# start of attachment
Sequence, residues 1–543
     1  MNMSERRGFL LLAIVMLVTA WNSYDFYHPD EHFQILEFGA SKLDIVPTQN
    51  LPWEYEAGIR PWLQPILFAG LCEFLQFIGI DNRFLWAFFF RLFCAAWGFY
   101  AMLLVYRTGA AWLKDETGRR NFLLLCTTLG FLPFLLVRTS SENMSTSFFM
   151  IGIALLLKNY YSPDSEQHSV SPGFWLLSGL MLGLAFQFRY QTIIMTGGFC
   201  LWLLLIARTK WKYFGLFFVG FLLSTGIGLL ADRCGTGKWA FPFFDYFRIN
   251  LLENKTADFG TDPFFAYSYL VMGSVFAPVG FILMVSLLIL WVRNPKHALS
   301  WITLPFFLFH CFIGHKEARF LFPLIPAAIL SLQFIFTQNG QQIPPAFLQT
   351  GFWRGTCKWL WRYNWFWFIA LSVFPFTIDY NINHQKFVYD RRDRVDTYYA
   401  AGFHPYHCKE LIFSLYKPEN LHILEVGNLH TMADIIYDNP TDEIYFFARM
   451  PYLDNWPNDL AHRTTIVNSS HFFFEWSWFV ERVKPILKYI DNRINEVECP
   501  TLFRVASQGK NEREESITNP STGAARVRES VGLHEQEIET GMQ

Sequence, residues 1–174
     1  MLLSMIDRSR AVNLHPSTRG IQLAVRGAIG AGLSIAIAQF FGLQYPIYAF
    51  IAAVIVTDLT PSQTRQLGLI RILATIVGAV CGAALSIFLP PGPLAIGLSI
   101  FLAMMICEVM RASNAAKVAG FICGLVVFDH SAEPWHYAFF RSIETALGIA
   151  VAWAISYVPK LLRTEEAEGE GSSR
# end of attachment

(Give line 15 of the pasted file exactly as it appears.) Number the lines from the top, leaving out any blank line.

    51  IAAVIVTDLT PSQTRQLGLI RILATIVGAV CGAALSIFLP PGPLAIGLSI